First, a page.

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the dean of southern california artists
William Wendt

Born: Bentzen, Germany
Studied: Chicago Art Institute
Member: American Federation of Arts
California Art Club (President)
Society of Western Artists
Laguna Beach Art Association
Chicago Society of Artists
National Arts Club, New York

One of California's best-known landscape painters of the late 19th and early 20th centuries, William Wendt was born in Bentzen, Germany, and in 1880, immigrated to Chicago where, largely self taught, he studied briefly at the School of the Chicago Art Institute and worked as a commercial artist. His close friend was artist Gardner Symons, and they made several trips to Southern California between 1894 and 1906. William Wendt was called the "Dean of Southern California" artists. William Wendt's landscapes were especially known for rich greens and browns. In 1911, William Wendt became co- founder of the California Art Club, which he served as the second and fourth President from 1911 to 1919 and 1917 to 1918 respectively. This organization reflected Wendt’s commitment to plein-air painting of the California landscape.

William Wendt’s style was impressionism, obviously influenced by the Decorative Style of Arthur Mathews, and his landscapes seldom had figures in them. Indicative of the breadth of his reputation was William Wendt's election in 1912 as an Associate of the National Academy of Design in New York.

Wendt's adoption of impressionism as a style "can almost be dated to 1896-97" when he and friend Gardner Symons "were painting together on the Malibu Rancho near Los Angeles." Both Wendt and Symons were in the avant-garde of American painters in that they were open to the Impressionist style that had begun in France in the mid 19th century. And Southern California was a perfect location for depicting the bright colors, atmospheric conditions, and shimmering light that were characteristic of Impressionism”
In Chicago, William Wendt was not a particularly successful artist, but he was well received in California almost from the time he settled there in 1906. That same year Wendt married sculptress Julia Bracken, and they moved to Los Angeles, buying the studio home of Marion and Elmer Wachtel on Sichel Street. In 1913 he and Julia built a home in Laguna Beach, and they frequently exhibited together.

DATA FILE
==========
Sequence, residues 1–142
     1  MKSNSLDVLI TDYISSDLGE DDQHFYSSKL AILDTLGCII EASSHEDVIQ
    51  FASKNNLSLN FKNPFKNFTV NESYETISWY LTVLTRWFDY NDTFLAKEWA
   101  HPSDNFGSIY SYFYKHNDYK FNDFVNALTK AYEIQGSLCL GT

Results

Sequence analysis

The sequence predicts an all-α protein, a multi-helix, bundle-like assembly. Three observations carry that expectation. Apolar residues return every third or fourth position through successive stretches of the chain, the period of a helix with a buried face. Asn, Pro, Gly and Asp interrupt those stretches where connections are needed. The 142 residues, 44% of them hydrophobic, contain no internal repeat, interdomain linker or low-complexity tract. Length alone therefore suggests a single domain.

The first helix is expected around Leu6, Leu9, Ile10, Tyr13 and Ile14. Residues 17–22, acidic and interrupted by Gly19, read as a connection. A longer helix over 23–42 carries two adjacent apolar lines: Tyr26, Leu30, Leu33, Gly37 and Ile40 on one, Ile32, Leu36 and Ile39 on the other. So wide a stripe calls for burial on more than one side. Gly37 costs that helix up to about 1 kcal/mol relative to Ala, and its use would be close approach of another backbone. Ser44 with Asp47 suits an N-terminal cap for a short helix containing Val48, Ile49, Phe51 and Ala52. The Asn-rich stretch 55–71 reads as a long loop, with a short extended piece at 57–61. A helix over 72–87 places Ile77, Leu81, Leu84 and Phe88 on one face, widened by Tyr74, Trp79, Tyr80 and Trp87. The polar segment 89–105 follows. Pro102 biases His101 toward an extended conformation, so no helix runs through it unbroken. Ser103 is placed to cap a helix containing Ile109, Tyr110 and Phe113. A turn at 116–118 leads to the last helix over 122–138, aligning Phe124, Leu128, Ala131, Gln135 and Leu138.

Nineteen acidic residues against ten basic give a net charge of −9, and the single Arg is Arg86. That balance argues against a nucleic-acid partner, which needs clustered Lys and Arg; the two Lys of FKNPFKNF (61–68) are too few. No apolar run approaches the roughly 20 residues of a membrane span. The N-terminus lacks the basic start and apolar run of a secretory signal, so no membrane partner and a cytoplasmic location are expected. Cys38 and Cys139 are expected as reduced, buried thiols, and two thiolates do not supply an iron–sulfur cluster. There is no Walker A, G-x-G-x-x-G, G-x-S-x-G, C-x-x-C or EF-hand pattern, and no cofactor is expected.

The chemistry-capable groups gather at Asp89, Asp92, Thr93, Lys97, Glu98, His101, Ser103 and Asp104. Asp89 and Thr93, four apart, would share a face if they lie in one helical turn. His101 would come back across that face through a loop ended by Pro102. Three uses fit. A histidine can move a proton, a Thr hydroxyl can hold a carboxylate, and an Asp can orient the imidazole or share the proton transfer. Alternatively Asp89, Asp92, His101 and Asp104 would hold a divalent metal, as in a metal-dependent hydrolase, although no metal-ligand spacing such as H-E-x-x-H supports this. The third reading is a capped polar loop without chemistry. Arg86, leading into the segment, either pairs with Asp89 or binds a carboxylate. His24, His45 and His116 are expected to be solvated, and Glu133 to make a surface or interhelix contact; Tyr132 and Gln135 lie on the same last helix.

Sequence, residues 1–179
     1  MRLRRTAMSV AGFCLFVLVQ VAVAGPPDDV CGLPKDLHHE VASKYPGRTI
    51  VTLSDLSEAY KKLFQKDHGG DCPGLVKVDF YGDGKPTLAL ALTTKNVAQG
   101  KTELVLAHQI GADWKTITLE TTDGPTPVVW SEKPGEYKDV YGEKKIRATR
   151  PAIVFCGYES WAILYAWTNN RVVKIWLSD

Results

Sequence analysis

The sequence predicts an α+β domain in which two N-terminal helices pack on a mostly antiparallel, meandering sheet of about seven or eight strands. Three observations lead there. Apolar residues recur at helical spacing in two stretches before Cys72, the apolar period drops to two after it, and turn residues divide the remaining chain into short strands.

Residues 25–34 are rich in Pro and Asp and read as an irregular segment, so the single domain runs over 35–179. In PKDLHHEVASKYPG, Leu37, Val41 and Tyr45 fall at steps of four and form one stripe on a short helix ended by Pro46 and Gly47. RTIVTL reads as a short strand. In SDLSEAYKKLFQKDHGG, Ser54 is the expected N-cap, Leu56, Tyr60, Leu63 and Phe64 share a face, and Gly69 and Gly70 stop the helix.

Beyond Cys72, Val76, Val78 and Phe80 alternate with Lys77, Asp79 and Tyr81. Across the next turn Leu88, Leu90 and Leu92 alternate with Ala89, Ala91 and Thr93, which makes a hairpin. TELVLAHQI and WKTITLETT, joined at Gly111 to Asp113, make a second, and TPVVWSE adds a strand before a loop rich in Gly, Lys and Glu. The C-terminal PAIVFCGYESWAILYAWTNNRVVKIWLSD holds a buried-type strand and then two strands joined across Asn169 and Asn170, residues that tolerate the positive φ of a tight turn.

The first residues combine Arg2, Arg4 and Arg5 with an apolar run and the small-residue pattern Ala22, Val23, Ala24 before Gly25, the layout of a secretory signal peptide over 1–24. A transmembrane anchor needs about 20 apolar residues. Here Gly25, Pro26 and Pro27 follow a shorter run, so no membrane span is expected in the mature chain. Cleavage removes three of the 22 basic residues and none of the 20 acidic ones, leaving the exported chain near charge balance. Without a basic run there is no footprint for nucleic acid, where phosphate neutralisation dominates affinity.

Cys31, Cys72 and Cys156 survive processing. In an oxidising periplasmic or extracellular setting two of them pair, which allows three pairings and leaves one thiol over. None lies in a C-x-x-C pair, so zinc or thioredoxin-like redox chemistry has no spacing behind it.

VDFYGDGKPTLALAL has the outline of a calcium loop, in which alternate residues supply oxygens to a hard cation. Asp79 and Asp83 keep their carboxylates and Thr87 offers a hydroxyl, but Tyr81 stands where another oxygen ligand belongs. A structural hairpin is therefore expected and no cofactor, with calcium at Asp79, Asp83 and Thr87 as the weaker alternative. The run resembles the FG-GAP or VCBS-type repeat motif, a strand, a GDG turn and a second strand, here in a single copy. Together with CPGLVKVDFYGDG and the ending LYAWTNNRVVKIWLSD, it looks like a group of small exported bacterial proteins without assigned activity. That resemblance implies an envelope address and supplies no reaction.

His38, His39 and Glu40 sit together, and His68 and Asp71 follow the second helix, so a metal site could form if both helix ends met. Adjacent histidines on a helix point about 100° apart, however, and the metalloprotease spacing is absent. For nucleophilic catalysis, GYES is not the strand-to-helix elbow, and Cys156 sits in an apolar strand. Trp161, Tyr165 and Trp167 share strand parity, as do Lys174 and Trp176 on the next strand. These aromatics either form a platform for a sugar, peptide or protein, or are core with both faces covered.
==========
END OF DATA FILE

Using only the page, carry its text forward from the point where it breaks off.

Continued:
Once in California, Wendt was not a studio painter but worked outside, "en plein air", and explored the unique native landscape, often going into the wilderness. William Wendt had a deep reverence for nature, especially the unsettled wilderness, which he regarded as a place for silence and contemplation. Art historian Nancy Moure wrote that during the forty years of painting in California, Wendt's work became stronger and bolder and that with his brush, he was carving "out the underlying structure of the mountains, delighting in the folds of the earth. . . . William Wendt’s colors also moved away from the organic to stronger and purer tones; for a period he seems fascinated with a brilliant green. . . .These changes can be interpreted as personal growth or an attempt to update his style with the arrival of European Impressionists in Southern California."

William Wendt won numerous awards during his art career, including: Bronze medal, Buffalo Expo, 1901; Silver medal, St. Louis Expo, 1904; Silver medal, Panama Pacific International Exposition, 1915; Grand Prize, Panama-California International Expo, San Diego, 1915; Ranger prize, National Academy of Design, 1926. .

William Wendt biography provided courtesy of Edan Hughes, Artists in California, 1786-1940. Peggy and Harold Samuels, The Illustrated Encyclopedia of Artists of the American West. Nancy Moure, California Art: 450 Years of Painting & Other Media is interested in purchasing all oil paintings by William Wendt. If you have a painting by William Wendt and are interested in selling it or simply wish to obtain an estimated value, please get in touch and we'll provide a free art evaluation.
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